Aspect oriented programming (part 1)

When writing software there is a separation between the domain of problem you are trying to solve and the enterprise plumbing needed to make it stable, secure, and robust.  However, although the separation of those two domains is logical, that plumbing code generally has to live inside of the same space as the domain code to be effective.  For instance, how many times have you been through a system and seen logging statements littered throughout a model?  Or when utilizing a design pattern see very similar calls to provide for features like lazy loading or chains of responsibility?  This ultimately creates confusion between the two spaces, increases the amount of code you need to write and makes things more difficult to manage.  So what do you do?

While there are in fact a variety of ways to go about solving that problem, Aspect Oriented Programming (AOP) has an unique answer to the above problem.  Aspect oriented development is centered around the idea of modular pieces of code which can be applied to existing code to address those cross cutting concerns.  A concern, in this context, is a focused subset of functionality such as logging.  Logging is an enterprise need that is applied all over the domain and yet really is focused and concerned with a relatively simple task (i.e, declaring that something happened).  I don’t however, want to give the impression that the scope needs to be as large as the entire domain.  AOP is simply the idea of code injection as a means to address a problem.  The scope in which that is done is usually as large as the concern you are trying to address.  Logging is large, ergo the scope is large.  In some cases your concern might only be for a specific class, but by using an aspect you create a reusable piece of logic for later.

The goal here is to abstract away from the domain the concern.  Within the context of AOP, how we would generally go about doing that is to move the logging code to it’s own unique place (an aspect).  By encapsulating away the functionality of logging, we could then apply it to the needed functions.  Different aspect frameworks go about this slightly different.  In the world of buzzword bingo we would call this a join point.  That is, how does the aspect framework know WHERE in the assembly to apply an aspect.  In some frameworks this is accomplished through language extensions (AspectJ).  In others it’s done through XML (Policy Injection Block & nHibernate).  The one that I am fond of is attribute based.  By taking an attribute and applying it to either a class, a method, or even an assembly, I can tell my aspect framework what I am trying to do (declarative programming).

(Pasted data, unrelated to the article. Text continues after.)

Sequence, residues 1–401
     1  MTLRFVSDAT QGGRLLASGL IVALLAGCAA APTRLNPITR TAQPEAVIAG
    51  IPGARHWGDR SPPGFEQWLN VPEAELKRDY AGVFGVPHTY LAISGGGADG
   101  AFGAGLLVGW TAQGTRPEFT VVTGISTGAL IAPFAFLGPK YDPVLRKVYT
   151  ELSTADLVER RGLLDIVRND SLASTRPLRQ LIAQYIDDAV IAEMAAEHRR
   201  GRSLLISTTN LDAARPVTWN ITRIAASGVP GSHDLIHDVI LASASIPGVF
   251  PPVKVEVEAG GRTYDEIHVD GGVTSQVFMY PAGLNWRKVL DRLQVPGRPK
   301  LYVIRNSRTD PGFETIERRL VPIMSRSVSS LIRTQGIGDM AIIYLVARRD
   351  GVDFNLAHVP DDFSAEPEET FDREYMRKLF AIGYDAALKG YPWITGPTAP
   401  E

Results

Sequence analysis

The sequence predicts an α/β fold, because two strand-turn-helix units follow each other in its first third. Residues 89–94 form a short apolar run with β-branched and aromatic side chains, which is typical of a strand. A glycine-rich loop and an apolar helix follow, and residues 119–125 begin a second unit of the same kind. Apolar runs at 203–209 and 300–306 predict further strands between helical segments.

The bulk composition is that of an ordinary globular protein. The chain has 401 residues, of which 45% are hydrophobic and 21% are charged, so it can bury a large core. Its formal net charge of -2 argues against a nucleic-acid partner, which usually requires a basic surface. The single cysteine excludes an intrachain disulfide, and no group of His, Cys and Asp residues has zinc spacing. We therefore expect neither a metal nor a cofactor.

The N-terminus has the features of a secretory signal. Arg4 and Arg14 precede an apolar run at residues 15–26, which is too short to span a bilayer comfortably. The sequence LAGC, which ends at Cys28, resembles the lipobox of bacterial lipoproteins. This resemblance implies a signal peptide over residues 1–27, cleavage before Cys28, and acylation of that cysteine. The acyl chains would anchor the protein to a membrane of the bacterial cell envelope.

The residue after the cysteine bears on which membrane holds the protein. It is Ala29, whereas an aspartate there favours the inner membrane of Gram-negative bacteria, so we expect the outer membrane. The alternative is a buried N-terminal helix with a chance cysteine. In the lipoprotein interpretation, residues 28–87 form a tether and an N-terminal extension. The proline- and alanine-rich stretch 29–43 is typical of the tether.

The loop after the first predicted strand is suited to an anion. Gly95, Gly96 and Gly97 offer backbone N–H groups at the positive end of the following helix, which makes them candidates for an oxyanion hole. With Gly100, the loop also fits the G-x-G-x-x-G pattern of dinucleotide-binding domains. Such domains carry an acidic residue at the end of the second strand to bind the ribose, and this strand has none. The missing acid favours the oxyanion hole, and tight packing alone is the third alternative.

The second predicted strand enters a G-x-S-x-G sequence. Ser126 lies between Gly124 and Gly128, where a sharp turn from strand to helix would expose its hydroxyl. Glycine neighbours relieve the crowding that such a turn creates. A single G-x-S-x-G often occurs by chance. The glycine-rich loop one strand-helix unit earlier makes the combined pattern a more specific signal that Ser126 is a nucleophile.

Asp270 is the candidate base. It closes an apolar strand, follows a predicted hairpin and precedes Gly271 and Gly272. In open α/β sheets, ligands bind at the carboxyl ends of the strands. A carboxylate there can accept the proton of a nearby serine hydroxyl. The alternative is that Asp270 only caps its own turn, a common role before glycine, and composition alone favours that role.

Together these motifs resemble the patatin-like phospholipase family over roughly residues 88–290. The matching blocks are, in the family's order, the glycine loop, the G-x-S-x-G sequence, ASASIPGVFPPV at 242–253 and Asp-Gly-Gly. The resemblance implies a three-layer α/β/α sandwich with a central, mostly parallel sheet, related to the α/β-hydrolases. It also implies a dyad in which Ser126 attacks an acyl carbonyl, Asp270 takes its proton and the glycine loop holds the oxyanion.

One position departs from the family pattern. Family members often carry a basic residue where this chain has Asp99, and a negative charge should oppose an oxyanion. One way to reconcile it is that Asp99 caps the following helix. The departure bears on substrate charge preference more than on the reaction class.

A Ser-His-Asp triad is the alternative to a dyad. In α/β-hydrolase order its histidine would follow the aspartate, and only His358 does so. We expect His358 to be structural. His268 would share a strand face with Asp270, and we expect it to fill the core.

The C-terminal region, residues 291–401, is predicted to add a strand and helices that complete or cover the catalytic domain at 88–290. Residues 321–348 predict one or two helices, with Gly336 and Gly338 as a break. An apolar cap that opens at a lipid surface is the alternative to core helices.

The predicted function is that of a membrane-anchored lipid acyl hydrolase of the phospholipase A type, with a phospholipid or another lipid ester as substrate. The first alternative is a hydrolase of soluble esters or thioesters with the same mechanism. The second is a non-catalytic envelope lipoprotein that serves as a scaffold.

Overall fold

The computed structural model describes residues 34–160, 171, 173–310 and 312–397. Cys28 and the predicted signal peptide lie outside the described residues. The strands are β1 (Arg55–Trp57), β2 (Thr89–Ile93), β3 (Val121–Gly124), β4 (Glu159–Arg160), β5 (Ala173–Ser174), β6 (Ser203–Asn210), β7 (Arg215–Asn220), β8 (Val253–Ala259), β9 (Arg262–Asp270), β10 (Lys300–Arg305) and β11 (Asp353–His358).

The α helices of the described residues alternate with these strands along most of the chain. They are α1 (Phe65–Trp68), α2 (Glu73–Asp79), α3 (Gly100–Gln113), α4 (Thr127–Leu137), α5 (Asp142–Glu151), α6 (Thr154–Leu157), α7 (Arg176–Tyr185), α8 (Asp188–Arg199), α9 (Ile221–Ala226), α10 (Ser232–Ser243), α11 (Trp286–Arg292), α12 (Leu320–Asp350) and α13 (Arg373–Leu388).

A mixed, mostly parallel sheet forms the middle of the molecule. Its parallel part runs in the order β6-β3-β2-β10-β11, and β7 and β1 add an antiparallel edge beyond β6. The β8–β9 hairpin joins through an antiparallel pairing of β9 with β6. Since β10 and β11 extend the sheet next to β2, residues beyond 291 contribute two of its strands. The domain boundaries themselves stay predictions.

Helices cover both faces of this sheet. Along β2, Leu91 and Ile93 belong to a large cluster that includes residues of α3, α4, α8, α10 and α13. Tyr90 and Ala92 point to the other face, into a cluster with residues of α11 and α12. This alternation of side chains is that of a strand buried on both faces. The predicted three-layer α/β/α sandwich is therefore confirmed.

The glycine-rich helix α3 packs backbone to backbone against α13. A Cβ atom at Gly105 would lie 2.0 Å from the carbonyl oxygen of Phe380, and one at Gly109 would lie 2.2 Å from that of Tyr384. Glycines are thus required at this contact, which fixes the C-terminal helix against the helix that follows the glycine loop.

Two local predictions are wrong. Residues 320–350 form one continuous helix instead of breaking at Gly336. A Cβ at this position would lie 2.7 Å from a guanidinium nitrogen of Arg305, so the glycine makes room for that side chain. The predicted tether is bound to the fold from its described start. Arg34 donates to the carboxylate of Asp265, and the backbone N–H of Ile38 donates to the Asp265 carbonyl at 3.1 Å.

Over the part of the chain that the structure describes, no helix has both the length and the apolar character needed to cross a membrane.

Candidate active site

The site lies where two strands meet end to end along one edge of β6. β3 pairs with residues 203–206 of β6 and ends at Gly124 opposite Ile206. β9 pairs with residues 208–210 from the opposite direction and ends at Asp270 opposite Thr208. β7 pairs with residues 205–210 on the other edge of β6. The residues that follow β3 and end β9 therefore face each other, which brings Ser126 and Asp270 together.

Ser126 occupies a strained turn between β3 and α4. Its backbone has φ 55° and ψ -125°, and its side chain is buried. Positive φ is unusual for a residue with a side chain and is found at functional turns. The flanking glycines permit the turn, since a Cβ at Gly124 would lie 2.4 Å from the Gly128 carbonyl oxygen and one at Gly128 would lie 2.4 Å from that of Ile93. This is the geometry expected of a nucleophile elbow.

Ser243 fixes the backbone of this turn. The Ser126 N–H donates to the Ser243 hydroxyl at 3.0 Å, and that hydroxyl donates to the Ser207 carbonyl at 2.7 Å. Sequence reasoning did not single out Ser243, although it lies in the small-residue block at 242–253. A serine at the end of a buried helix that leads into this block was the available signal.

That only gets us part of the way.  Once you tell the framework where in the code you need to apply the aspect, you still have to tell it HOW you need it applied.  In most aspect frameworks you are allowed to intercept a call to those needed functions before, after, and both before and after the call is made to them.  Some frameworks also let you intercept the exceptions thrown by functions.  Deviating from the norm, there are even aspect frameworks that let you modify access to things things like private fields on the class, or even the constructor itself.  That is, however, limited to particular frameworks and not always available.

Though I hinted at some of the underpinnings of AOP, the implementation piece of it is relatively hairy.  There are generally two types of aspect frameworks, proxy based and code injection.  Proxy based is among the most popular, but MSIL has it’s place in the aspect framework world.  I will talk about those more and their implications in my next post.

In summary, the goal here is to reduce the amount of code you write, get your product on line as quickly as appropriate and ultimately produce better and cleaner code.   Less is more.

Save lots of money by switching to aspects.

*queue cheezy geiko music*

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Comments

  • Joshua T. Rowe  On June 15, 2009 at 4:40 pm

    Logging is a great example to introduce the idea, but I think in practical terms it is more maintainable to have the logging inside the code being logged. A good practical use of AOP that I have seen is transaction management inside the Spring Framework for Java. It’s configured via XML and all of the mojo is presumable implemented with AspectJ.

    I think that AOP can be really powerful, but it’s not something that you want every programmer dealing with. But it’s a great tool for frameworks, because you can provide complex runtime configurability without writing tons of code. And so junior programmers don’t have to deal with aspects.

    Also I don’t think the term ‘join point’ is buzzword bingo. I think that it is a legitimate term used to describe a specific technical concept.

    Could you post a code example of attribute based join points? I think I have an idea what you mean, but I’d much rather see code. 🙂

    • pinvoke  On June 16, 2009 at 12:12 am

      I think it ultimately depends on what type of logging and how your architecture is implemented. Some logging I can see inside of a specific class, but for lots of generic logging calls I think that Aspects provide a much more maintainable solution. Remember, the idea here is cross cutting. If there are scenarios that don’t apply to that, then you shouldn’t use aspects.

      My next post will have some samples with code, including attribute based.

  • S Kotrappa  On June 16, 2009 at 1:43 am

    I do understand that understanding AOP aspects and using it in application development is difficult for junior programmers.

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